NASA | CXC | STScI | HubbleSite | Spitzer | 2017 May 10
Astronomers have produced a highly detailed image of the Crab Nebula, by combining data from telescopes spanning nearly the entire breadth of the electromagnetic spectrum, from radio waves seen by the Karl G. Jansky Very Large Array (VLA) to the powerful X-ray glow as seen by the orbiting Chandra X-ray Observatory. And, in between that range of wavelengths, the Hubble Space Telescope’s crisp visible-light view, and the infrared perspective of the Spitzer Space Telescope.
The Crab Nebula, the result of a bright supernova explosion seen by Chinese and other astronomers in the year 1054, is 6,500 light-years from Earth. At its center is a super-dense neutron star, rotating once every 33 milliseconds, shooting out rotating lighthouse-like beams of radio waves and light -- a pulsar (the bright dot at image center). The nebula’s intricate shape is caused by a complex interplay of the pulsar, a fast-moving wind of particles coming from the pulsar, and material originally ejected by the supernova explosion and by the star itself before the explosion.
This image combines data from five different telescopes: The VLA (radio) in red; Spitzer Space Telescope (infrared) in yellow; Hubble Space Telescope (visible) in green; XMM-Newton (ultraviolet) in blue; and Chandra X-ray Observatory (X-ray) in purple.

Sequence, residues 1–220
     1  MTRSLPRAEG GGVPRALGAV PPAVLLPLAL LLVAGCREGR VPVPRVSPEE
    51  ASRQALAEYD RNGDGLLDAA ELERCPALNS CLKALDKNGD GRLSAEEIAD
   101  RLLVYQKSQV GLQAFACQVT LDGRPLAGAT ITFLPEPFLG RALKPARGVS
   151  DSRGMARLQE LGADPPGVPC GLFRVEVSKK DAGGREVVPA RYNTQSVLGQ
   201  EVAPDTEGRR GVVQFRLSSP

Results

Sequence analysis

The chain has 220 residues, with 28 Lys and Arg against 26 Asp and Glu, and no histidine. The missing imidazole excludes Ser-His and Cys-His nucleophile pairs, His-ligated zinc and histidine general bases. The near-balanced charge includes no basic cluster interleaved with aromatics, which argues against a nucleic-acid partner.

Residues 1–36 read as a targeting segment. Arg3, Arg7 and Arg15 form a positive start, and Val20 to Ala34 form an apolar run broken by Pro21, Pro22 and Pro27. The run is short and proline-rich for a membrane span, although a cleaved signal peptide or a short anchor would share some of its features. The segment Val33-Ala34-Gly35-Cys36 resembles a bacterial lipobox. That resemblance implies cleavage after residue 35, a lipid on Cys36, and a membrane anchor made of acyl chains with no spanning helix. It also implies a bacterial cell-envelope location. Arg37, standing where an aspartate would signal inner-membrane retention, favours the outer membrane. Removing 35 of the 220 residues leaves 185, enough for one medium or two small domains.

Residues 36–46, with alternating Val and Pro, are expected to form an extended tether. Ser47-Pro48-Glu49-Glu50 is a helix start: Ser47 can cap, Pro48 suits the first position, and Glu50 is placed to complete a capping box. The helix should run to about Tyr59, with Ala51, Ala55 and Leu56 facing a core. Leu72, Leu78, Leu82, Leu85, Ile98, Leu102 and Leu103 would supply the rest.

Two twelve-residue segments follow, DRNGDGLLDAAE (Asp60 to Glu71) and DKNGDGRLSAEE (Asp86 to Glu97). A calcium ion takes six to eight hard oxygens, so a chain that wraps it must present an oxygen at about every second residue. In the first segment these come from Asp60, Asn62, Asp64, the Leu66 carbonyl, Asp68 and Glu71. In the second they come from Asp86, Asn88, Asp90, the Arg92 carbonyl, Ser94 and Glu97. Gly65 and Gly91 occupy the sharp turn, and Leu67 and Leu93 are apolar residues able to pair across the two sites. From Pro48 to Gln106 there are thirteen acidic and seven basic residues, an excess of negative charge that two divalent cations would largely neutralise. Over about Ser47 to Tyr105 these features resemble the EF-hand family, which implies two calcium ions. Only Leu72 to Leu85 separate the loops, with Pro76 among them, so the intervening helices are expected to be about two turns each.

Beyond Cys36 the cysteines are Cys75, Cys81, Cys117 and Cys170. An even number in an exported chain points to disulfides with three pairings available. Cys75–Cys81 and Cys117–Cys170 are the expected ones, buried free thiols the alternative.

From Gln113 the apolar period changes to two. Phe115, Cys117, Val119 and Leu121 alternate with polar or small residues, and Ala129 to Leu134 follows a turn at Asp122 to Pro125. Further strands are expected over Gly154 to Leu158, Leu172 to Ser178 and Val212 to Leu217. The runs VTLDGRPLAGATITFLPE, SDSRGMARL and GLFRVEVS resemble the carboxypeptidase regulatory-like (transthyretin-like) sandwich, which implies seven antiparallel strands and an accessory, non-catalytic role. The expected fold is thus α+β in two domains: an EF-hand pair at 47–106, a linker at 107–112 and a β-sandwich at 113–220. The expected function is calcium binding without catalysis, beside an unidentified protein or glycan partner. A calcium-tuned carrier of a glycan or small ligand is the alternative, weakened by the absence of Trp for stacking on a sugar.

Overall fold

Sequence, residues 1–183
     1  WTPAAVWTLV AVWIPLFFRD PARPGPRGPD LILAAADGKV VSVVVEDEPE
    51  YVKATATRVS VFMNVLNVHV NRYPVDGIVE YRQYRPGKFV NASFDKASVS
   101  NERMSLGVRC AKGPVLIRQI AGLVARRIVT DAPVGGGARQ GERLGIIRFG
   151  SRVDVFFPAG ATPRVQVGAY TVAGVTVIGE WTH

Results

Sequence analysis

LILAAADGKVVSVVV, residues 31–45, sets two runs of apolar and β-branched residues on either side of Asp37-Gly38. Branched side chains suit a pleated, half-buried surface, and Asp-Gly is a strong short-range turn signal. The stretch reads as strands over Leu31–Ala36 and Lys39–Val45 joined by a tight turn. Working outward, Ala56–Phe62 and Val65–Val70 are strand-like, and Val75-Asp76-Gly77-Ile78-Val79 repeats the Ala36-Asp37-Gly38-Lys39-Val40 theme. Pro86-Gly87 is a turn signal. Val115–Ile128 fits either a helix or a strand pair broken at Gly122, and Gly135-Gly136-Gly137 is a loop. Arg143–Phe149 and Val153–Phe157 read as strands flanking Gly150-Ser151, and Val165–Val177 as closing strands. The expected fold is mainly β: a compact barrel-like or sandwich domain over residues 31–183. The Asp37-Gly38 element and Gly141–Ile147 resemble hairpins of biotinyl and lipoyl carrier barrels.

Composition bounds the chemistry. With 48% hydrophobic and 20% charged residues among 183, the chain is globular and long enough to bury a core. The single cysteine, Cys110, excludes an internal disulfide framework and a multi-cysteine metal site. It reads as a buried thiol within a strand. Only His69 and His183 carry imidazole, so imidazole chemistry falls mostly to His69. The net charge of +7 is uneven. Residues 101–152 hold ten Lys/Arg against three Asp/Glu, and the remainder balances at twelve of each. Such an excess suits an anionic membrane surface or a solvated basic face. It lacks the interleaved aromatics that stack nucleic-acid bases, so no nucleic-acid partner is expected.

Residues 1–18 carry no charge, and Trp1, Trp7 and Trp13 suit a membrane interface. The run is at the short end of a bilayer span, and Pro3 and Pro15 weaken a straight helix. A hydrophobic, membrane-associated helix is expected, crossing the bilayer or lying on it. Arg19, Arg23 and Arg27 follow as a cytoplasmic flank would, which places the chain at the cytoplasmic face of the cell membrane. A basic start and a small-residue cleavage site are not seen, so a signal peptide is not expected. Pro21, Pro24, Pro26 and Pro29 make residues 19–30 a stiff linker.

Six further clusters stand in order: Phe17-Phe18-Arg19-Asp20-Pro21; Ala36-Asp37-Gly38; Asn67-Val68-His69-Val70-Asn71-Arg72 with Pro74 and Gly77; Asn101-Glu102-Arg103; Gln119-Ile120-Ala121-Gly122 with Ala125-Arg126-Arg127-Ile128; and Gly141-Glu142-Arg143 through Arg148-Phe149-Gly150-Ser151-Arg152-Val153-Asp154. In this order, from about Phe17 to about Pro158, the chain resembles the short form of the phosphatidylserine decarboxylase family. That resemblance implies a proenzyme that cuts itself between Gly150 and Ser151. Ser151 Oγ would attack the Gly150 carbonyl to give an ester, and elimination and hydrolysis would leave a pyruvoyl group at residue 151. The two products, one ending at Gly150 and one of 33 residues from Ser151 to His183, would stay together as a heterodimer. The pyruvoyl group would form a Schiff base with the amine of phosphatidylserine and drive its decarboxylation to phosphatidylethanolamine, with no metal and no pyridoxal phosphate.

The new VLA, Hubble, and Chandra observations all were made at nearly the same time in November of 2012. A team of scientists led by Gloria Dubner of the Institute of Astronomy and Physics (IAFE), the National Council of Scientific Research (CONICET), and the University of Buenos Aires in Argentina then made a thorough analysis of the newly revealed details in a quest to gain new insights into the complex physics of the object. ...
A New Look at the Crab Nebula
National Radio Astronomy Observatory | 2017 May 10
Morphological Properties of the Crab Nebula: A Detailed Multiwavelength Study
Based on New VLA, HST, Chandra and XMM-Newton Images - G. Dubner et al
- Astrophysical Journal 840(2):82 (2017 May 10) DOI: 10.3847/1538-4357/aa6983
arXiv.org > astro-ph > arXiv:1704.02968 > 10 Apr 2017
Note: A video comparison of the various wavelengths can be seen here.
Crab on LCD
ESA Hubble Picture of the Week | 2017 May 15